The city then suspended Cotterman's police powers for "Fitness for Duty" on May 1, 2015, and two days later, moved him from District 5 to District 2.

"Officer Cotterman became angry at the unfair turn of events, and an OIC for Internal ordered (him) to begin seeing the CPD psychologist on a weekly basis," the suit reads.

After Cotterman was charged, he considered it "politically motivated, grossly unfair and frivolous," according to the suit. It also came as he was "hounded" by the media and while his wife was in the midst of a high-risk pregnancy. He began to use his hundreds of hours off he had banked to deal with the situation and stress.

Around July 7, 2015, he saw the psychologist, James Daum, who put him on administrative leave.

Cotterman said in a recent interview he had a breakdown and tried to commit suicide a few months later, in October 2015.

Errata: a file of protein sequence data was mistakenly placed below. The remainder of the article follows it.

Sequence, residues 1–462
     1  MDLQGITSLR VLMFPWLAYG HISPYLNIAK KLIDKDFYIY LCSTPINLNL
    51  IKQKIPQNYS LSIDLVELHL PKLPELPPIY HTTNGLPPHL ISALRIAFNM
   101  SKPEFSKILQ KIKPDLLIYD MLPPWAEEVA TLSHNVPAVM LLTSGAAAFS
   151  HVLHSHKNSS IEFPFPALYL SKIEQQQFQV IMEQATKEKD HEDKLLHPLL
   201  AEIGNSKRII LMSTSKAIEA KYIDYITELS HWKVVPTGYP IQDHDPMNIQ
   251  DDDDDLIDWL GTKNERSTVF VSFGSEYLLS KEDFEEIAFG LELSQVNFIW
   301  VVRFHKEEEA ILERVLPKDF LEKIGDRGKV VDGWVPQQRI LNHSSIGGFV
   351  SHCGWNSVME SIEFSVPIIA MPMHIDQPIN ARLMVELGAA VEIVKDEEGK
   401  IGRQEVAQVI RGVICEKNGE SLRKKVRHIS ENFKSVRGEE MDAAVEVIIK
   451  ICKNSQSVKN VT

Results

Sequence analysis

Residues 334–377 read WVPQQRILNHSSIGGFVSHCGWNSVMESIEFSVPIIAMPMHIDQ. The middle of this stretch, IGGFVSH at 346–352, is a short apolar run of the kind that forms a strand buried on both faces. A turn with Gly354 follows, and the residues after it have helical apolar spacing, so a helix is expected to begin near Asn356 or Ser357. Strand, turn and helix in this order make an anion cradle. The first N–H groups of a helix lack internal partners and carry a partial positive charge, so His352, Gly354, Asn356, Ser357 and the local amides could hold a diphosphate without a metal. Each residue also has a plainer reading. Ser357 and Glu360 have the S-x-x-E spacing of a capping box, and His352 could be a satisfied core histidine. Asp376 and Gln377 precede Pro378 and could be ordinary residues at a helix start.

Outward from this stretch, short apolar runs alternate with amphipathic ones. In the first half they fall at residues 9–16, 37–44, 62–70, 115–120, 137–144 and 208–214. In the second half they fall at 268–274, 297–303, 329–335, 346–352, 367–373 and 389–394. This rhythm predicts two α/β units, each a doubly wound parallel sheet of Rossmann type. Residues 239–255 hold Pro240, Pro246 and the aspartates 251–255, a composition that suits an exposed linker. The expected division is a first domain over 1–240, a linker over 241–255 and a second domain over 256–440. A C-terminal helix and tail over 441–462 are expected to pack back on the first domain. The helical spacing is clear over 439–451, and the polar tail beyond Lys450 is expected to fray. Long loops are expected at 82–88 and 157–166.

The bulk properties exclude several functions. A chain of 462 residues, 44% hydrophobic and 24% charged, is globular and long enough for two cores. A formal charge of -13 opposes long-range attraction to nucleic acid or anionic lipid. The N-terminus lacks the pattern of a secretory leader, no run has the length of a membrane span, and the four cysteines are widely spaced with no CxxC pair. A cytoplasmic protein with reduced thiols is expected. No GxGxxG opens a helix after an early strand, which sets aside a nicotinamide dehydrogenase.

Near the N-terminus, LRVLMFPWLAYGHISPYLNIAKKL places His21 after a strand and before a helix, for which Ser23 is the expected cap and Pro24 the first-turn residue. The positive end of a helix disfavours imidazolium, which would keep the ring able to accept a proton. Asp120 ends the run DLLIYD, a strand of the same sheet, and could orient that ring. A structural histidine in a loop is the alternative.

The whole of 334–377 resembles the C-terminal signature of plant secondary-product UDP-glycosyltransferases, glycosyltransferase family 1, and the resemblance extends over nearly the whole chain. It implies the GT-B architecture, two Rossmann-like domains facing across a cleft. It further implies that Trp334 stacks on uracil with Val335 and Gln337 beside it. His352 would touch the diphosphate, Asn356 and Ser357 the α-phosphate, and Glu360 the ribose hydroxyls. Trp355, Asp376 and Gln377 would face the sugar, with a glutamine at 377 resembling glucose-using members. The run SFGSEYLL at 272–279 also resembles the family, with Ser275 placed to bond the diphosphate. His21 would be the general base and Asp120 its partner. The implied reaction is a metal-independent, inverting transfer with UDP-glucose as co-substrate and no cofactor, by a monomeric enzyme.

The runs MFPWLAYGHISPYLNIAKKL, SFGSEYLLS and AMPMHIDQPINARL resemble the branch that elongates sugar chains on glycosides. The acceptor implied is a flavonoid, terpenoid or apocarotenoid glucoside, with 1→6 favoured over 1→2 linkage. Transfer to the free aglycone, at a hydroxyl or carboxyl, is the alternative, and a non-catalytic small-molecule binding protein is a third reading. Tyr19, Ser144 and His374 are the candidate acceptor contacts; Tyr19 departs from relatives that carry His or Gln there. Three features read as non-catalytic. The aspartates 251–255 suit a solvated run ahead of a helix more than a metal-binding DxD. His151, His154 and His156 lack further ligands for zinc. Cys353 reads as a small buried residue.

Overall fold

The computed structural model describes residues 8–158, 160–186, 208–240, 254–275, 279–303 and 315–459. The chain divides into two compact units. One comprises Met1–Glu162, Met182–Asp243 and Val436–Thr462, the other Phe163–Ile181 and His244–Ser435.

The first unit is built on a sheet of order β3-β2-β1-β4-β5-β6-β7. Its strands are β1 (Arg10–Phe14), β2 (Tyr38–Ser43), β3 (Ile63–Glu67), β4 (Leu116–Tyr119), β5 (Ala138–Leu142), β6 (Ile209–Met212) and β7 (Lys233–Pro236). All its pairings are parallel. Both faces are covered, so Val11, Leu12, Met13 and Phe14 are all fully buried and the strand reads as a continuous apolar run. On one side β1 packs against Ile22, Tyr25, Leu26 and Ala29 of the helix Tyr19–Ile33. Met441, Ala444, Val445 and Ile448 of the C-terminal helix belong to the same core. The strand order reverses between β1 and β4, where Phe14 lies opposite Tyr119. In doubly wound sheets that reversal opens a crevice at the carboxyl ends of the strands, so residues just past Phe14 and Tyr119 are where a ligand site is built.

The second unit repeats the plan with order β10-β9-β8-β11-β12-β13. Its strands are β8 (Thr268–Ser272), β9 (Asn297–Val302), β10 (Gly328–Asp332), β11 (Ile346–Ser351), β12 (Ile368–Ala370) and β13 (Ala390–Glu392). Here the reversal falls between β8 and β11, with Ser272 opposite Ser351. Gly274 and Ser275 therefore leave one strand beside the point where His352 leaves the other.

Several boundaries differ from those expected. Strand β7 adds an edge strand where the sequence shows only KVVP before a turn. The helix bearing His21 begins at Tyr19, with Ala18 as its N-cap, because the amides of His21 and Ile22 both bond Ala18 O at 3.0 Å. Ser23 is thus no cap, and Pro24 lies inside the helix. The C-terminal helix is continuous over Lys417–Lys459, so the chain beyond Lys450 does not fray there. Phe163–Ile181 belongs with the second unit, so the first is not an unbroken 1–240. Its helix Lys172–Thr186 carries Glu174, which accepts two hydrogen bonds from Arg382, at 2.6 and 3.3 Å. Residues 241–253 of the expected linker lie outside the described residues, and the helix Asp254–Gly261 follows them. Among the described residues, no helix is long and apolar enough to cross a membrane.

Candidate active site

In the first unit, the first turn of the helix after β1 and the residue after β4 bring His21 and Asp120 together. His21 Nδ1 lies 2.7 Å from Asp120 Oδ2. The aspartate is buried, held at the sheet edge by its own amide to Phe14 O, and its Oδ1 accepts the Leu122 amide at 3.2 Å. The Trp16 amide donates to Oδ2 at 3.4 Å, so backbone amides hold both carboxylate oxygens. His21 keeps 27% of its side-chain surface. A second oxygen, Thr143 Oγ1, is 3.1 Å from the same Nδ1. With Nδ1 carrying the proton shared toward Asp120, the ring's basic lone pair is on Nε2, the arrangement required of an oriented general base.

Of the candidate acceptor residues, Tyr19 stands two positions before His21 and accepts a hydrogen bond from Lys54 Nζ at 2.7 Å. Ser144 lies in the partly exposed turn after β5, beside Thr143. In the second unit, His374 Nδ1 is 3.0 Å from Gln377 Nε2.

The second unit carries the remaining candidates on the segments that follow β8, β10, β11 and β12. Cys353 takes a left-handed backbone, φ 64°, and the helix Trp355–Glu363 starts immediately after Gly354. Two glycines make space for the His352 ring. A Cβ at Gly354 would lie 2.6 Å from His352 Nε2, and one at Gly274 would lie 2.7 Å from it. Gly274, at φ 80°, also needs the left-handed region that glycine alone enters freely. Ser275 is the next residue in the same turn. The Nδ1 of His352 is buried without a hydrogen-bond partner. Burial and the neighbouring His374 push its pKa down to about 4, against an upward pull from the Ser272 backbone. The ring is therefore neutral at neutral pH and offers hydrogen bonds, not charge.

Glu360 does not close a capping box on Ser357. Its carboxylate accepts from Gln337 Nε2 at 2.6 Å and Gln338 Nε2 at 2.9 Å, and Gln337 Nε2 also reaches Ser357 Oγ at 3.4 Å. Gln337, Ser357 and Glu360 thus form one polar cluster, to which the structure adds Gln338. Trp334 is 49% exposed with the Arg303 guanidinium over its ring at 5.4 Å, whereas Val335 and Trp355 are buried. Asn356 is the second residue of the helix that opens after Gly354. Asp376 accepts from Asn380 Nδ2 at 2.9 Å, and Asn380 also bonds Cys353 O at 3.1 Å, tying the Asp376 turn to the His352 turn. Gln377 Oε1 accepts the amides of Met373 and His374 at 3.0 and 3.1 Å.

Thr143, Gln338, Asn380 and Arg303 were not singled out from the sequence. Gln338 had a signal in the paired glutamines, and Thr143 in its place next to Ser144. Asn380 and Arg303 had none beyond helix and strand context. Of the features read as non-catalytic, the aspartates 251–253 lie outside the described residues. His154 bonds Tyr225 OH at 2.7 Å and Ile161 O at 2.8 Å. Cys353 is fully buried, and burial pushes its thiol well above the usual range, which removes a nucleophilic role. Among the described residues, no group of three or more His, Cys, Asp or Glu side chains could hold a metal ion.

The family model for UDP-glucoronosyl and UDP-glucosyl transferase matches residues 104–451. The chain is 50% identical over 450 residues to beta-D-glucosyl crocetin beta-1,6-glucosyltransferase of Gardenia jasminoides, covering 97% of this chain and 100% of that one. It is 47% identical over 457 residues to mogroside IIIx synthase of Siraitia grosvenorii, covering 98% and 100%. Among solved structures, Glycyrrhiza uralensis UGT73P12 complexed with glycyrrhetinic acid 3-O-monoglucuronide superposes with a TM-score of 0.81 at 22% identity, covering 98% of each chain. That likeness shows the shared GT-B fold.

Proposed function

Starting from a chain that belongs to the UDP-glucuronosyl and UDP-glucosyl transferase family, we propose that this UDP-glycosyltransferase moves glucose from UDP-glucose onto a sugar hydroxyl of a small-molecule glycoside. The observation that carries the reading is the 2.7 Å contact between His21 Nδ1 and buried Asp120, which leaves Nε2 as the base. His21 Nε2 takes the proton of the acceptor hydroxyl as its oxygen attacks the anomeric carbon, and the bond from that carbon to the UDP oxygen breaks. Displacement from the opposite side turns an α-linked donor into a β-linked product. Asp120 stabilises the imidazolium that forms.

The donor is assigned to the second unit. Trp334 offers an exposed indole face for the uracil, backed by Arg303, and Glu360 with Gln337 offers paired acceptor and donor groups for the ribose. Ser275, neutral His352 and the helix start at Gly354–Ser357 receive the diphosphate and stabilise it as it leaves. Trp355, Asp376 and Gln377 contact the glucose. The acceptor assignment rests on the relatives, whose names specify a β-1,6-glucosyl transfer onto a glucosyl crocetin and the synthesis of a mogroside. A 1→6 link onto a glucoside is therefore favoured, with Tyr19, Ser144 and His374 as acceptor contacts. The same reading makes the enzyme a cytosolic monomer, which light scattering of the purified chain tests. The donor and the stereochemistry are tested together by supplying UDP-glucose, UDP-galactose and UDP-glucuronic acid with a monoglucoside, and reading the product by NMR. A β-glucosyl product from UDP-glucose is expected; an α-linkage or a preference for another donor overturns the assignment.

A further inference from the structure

He said he held a gun to his head and fired it as he stood alongside the Great Miami River.

The gun misfired, he said.

"My entire being was completely crushed. The foundations I built myself on were destroyed," Cotterman recalled.

He said he emptied his weapon of ammunition and got rid of it in the water.

When Cotterman and Sulfsted were acquitted on all charges a year later, in bench trial by Hamilton County Municipal Court Judge Josh Berkowitz, they didn't even have to present a defense.

The judge noted that the prosecution's own witnesses, including the police department's own traffic section commander, testified the allegations shouldn't have resulted in criminal charges.

He also said the case was based on opinion and conjecture.

"I cannot, in good conscience, say that I'm firmly convinced of the truth of the charges," the judge said at the time.

During the trial, an internal affairs investigator read several text messages exchanged between Cotterman and Sulfsted after the crash and charges being filed against them.